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Monday, May 28, 1934
Five baby girls born to Canada farmer's wife
NORTH BAY, Ontario, May 28, 1934 (UP) - In a rude farm house five miles from here a country doctor fought tonight to keep the spark of life in five tiny baby girls. The quintuplets were born today to Mrs. Oliva Dionne, 25 years of age, who has six other living children.
Neighbor women, acting as midwives, helped the family physician, Dr. Dafoe, at the accouchement.
The doctor confirmed birth of the quintuplets tonight. He had little hope all of them will live.
"They're poorly, just poorly," said neighbor women who were helping the young father - he is only 28 years of age - care for the other children.
The young mother was doing poorly, too.
She was in poor health prior to the arrival of the five newcomers, Dr. Dafoe said, explaining the six other children in the family range in ages from 17 months to 8 years.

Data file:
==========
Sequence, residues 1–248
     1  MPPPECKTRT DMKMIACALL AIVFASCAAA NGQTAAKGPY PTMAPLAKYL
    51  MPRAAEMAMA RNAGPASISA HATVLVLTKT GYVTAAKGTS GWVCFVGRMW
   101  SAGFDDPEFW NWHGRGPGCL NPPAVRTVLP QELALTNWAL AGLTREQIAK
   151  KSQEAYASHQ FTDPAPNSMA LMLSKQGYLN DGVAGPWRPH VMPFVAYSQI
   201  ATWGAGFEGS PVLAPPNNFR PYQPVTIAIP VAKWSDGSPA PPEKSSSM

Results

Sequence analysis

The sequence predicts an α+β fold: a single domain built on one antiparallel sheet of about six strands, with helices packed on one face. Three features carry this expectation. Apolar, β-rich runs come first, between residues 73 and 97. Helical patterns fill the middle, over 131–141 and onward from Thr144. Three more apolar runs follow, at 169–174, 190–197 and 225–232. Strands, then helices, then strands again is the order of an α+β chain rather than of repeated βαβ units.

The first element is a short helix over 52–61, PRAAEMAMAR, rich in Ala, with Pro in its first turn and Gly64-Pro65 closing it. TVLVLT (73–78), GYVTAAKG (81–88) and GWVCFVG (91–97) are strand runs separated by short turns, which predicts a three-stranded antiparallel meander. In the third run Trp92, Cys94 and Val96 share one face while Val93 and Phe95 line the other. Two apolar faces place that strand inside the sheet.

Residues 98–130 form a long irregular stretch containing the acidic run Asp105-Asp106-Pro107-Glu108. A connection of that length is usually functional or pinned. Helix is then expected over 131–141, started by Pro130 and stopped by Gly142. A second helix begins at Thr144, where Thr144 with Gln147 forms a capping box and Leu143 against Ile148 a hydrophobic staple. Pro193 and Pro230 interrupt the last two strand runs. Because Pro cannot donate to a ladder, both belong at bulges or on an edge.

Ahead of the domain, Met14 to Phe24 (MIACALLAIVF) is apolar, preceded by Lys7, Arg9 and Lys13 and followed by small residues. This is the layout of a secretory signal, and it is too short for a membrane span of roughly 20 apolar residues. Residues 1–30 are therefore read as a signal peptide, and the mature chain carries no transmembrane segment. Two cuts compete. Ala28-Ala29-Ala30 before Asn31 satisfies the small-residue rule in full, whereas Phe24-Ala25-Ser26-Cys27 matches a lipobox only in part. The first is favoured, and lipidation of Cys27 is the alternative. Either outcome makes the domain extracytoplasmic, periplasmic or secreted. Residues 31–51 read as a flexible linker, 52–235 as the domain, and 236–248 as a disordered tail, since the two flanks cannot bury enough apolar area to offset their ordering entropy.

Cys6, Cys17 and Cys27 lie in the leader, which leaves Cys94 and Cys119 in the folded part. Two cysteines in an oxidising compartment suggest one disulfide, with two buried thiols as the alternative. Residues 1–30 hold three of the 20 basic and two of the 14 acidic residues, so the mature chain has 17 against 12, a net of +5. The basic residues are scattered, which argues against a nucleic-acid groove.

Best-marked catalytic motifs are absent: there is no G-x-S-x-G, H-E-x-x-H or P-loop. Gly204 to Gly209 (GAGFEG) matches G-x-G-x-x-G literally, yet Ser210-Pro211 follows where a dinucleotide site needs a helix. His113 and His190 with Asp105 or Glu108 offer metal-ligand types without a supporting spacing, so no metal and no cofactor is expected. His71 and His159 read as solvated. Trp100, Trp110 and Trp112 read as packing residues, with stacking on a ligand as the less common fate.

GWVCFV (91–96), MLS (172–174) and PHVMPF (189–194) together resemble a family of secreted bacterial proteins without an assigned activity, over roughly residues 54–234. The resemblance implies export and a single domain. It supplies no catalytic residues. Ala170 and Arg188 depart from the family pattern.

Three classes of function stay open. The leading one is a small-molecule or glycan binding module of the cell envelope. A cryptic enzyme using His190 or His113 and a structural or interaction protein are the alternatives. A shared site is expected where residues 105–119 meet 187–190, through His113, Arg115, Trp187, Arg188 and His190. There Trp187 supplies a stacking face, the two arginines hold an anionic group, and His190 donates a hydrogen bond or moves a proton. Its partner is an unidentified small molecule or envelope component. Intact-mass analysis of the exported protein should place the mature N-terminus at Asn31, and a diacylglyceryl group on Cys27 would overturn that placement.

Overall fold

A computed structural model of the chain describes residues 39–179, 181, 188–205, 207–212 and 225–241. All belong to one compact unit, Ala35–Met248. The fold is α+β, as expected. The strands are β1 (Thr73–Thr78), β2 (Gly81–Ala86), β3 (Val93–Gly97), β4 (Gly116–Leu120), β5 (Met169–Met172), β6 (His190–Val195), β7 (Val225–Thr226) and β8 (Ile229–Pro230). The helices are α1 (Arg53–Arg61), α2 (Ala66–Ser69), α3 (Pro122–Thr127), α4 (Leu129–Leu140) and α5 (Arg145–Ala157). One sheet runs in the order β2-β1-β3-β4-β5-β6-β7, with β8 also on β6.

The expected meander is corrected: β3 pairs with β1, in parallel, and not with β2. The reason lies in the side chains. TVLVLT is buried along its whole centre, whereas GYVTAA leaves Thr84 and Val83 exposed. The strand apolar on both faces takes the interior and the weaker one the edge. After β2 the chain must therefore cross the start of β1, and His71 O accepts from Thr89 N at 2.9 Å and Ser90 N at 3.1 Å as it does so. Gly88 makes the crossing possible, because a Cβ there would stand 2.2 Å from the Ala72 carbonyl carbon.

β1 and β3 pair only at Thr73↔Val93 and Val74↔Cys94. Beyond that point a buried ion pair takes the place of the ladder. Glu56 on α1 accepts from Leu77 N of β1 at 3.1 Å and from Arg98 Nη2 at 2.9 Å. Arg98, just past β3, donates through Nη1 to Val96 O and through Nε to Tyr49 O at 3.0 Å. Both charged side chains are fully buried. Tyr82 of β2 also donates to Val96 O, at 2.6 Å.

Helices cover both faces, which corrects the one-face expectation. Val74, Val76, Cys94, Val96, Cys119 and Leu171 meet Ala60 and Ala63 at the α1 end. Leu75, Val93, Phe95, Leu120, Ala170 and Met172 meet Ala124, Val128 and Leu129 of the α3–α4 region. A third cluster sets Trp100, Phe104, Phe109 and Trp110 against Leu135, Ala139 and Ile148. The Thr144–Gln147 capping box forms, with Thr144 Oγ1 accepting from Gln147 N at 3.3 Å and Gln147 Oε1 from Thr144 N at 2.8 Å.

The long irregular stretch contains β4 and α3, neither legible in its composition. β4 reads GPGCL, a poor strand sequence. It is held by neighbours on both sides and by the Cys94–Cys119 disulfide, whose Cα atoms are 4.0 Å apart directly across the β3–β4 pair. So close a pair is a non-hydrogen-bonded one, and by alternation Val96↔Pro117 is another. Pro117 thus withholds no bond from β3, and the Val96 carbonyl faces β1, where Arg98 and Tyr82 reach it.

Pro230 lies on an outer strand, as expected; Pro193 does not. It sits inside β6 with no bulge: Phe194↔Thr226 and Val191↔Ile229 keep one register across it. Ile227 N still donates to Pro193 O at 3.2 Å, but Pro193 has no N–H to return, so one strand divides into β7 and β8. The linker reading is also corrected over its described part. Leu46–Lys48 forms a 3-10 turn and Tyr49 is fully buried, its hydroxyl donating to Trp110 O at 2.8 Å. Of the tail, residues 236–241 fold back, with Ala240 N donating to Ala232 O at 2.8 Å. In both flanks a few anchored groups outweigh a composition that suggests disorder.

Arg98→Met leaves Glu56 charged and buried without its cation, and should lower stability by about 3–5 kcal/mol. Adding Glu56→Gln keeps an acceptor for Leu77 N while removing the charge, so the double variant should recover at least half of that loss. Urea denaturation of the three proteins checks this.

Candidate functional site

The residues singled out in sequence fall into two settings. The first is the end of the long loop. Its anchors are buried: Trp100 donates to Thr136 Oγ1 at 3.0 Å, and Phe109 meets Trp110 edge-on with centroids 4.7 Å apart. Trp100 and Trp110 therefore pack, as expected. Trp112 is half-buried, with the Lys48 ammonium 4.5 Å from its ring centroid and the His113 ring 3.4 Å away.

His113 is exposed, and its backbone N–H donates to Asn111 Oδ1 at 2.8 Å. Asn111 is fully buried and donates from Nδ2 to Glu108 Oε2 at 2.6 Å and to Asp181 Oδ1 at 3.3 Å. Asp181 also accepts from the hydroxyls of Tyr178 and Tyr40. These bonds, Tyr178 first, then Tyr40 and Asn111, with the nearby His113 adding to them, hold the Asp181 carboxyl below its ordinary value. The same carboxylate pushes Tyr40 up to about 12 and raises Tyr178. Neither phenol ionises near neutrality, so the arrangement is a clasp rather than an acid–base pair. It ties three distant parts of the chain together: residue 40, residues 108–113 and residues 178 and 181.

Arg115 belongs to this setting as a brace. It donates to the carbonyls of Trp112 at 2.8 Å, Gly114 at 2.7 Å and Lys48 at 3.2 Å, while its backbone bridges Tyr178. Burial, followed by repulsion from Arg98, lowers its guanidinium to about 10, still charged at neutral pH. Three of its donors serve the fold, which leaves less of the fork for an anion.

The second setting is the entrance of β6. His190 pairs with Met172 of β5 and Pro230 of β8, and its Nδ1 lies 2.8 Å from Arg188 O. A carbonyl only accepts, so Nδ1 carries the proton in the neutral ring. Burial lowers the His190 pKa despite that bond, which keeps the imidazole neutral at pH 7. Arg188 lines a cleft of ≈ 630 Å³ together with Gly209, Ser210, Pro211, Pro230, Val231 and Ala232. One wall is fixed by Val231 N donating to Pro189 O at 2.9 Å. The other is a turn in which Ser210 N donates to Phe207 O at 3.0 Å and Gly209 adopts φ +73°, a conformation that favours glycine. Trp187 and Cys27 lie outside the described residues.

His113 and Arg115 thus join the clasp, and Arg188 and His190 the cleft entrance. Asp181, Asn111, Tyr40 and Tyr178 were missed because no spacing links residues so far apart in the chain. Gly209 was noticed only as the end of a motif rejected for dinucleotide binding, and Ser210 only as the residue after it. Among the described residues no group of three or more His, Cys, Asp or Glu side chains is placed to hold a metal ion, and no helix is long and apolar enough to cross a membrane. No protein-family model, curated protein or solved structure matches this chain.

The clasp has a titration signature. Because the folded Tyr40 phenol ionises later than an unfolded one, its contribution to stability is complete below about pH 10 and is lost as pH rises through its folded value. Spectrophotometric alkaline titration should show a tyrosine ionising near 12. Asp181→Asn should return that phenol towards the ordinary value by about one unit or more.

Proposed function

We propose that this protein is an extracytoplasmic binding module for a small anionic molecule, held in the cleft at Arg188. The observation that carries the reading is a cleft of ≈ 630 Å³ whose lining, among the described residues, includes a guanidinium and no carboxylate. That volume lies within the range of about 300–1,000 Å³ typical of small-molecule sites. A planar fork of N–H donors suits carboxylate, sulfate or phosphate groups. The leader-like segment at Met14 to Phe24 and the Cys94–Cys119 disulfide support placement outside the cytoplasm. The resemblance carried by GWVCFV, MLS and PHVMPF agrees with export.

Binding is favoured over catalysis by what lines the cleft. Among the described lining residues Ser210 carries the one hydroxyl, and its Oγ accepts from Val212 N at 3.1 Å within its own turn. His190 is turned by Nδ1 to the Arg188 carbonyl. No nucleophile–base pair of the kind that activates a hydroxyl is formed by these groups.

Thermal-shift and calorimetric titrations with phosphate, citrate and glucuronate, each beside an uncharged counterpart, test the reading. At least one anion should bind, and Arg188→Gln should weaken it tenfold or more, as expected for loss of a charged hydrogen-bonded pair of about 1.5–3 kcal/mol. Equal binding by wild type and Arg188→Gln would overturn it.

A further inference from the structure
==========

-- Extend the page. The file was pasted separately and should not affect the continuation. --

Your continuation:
Father Dionne was worried - "the poor man's nearly distracted," neighbor women said - fearing for his wife's health and for the five tiny babies.
Dr. Dafoe lives in Callendar, a near-by village, but he said he will try to stay at the Dionne home through tonight. There was just a chance, he thought, the five little girl babies might "pull through."
Three of the babies were born before the doctor arrived this morning.
Total weight of the quintuplets was thirteen pounds six ounces. The first baby girl born weighed three pounds four ounces. The combined weight of the last two was only two pounds four ounces.
The Dionnes were married Sept. 15, 1925.
Dr. Dafoe said so far as he knows the quintuplets are a Canadian record. He had heard of quadruplets, but never of quintuplets until today.
Copyright 2007 by United Press International.